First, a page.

Sai Saripella
Mercury Staff

Clothes from Comet Closet available after completion of workshops

A new program started by a professor in the School of Management will help provide formal clothes for underprivileged students who need business attire for interviews.

The program, which is called the Comet Closet, will have used clothes that can be worn by  students that needs them for internships or job interviews. Comet Closet’s donated goods will only be provided to students who have already completed a certain number of career prep workshops and have had their resumes reviewed by the Career Center.

Marilyn Kaplan, the associate dean of undergraduate education and a professor in the School of Management, came up with the idea for the program.

“I was thinking about the fact that we have a need for the Comet Cupboard,” said Kaplan. “If we have students who cannot afford dinner, how can they afford a suit for an interview? We are educating them, getting them ready for careers, but they still need to make a professional first impression in interviews and on the job.”

Inspired by the Comet Cupboard, the program will have pop-up shops of donated clothing available. Although the dates and locations are yet to be determined, the shops will be open once or twice a semester in preparation for events such as the career fair.

Nick Hinojosa, the undergraduate student services coordinator for the JSOM, helped Kaplan get the project off the ground.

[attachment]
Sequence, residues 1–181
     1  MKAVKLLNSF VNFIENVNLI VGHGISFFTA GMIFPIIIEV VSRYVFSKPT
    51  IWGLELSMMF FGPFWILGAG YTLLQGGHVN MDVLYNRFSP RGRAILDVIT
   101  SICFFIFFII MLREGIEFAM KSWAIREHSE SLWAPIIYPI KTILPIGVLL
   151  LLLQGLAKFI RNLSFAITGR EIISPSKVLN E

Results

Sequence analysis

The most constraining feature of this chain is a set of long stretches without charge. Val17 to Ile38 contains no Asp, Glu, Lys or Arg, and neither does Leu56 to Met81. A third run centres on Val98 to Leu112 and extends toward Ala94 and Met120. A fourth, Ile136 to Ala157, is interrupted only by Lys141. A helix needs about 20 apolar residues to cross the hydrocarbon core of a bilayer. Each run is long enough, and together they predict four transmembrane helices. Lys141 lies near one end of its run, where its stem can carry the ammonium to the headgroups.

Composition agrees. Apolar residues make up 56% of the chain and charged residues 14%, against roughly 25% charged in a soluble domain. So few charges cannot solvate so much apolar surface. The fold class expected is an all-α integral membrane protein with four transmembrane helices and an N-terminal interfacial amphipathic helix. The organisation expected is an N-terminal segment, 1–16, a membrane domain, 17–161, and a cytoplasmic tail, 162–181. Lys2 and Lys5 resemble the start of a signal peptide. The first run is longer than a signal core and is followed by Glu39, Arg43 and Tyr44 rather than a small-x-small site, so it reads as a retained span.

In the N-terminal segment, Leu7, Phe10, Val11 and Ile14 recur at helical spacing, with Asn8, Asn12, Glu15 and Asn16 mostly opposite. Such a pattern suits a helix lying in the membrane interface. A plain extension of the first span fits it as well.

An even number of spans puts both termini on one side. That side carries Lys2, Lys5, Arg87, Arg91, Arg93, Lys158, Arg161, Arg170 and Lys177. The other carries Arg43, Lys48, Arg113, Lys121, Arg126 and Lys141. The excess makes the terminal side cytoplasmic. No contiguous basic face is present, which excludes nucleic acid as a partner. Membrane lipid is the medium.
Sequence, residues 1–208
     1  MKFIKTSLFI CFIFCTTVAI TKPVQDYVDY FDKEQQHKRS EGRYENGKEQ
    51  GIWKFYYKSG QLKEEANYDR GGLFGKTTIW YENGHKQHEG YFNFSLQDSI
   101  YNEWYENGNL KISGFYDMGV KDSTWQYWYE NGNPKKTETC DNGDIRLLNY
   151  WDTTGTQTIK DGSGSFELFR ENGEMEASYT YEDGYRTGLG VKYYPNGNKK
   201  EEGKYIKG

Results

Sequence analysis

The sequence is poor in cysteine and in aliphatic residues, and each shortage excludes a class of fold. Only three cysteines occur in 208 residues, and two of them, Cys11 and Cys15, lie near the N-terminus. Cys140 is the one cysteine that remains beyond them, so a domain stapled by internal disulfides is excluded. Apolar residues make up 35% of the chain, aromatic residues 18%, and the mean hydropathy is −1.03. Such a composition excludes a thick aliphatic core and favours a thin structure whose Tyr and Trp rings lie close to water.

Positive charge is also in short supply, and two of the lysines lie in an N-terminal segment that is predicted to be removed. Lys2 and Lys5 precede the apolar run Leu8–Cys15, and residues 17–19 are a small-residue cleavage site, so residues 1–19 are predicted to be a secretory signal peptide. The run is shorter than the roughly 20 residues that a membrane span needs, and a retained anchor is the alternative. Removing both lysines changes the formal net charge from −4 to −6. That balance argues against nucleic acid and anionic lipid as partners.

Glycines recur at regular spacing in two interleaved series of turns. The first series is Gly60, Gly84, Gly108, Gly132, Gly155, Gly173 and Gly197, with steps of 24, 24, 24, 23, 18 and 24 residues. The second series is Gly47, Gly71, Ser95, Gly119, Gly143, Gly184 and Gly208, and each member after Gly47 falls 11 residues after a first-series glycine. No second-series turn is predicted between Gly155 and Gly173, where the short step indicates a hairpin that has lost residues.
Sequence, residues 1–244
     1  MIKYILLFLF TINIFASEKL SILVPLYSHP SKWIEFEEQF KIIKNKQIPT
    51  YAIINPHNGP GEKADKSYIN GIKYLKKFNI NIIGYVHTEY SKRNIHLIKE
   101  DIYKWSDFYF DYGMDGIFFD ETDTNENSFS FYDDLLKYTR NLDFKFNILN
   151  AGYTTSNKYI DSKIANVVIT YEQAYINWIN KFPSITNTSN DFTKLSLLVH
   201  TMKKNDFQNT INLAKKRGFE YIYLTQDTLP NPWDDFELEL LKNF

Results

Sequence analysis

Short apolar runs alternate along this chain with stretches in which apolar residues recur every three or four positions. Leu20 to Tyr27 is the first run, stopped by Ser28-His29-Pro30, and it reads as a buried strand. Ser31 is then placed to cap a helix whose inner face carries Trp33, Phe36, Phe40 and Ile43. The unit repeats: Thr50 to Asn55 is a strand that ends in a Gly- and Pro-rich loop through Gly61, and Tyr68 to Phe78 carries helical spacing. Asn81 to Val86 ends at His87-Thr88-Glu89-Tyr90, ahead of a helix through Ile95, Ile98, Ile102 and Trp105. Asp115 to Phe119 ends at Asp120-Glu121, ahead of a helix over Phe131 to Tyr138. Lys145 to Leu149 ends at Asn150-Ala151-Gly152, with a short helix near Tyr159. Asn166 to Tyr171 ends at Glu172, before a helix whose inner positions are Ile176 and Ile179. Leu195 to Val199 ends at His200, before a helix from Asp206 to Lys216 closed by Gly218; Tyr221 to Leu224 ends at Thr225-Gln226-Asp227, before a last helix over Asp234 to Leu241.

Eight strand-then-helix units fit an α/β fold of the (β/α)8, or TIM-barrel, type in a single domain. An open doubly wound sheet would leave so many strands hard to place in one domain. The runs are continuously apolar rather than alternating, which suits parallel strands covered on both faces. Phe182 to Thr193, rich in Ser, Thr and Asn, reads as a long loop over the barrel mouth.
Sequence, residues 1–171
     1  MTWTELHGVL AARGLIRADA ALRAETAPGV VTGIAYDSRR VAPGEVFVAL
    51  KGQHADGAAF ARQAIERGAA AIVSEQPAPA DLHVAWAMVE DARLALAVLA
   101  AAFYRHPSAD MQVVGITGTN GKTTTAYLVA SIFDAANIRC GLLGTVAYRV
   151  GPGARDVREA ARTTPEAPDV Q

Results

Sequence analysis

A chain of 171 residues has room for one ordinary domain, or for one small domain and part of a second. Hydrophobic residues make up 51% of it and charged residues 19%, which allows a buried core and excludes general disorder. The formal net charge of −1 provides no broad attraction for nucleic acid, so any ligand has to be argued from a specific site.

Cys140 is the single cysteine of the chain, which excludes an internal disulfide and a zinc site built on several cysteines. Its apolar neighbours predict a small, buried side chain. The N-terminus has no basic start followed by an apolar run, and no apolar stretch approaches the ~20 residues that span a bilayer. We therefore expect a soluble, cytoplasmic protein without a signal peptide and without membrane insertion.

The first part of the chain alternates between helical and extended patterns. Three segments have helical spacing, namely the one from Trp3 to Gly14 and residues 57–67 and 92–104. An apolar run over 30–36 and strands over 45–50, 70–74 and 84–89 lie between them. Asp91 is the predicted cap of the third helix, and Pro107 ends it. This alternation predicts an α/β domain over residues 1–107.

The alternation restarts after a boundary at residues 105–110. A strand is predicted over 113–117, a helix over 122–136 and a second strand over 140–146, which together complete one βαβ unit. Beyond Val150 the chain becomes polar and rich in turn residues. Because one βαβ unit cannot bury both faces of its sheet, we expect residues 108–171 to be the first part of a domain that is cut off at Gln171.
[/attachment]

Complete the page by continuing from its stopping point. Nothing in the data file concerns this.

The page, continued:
“The bulk of the funds are very small donations from students and faculty members across the business school. The biggest one actually came from an alumnus from the Gordon MBA program,” he said. “It’s not something that’s just an interview outfit, hopefully it’s something you can wear on the job as well.”

The School of Management will provide business internship credit to students who volunteer to run the store. Students that volunteer will spend their time with handling inventory systems, marketing, and general management. The program will not only offer to meet the needs of current students but will be a long term solution, Kaplan said.

“Once it is established, we would like to have a competition among student organizations to find the organization that will take over the management of the Comet Closet,” Kaplan said.

Kapland said she would also like to see a winter coat drive to help students who are unprepared for cold winter.

The Comet Closet is set to start this upcoming fall semester in the School of Management. In her 16 years as part of the university’s faculty, Kaplan said that projects like these are what she enjoys in her position.

“My favorite part of my job is working on initiatives like this that improve the experience for our students,” said Kaplan.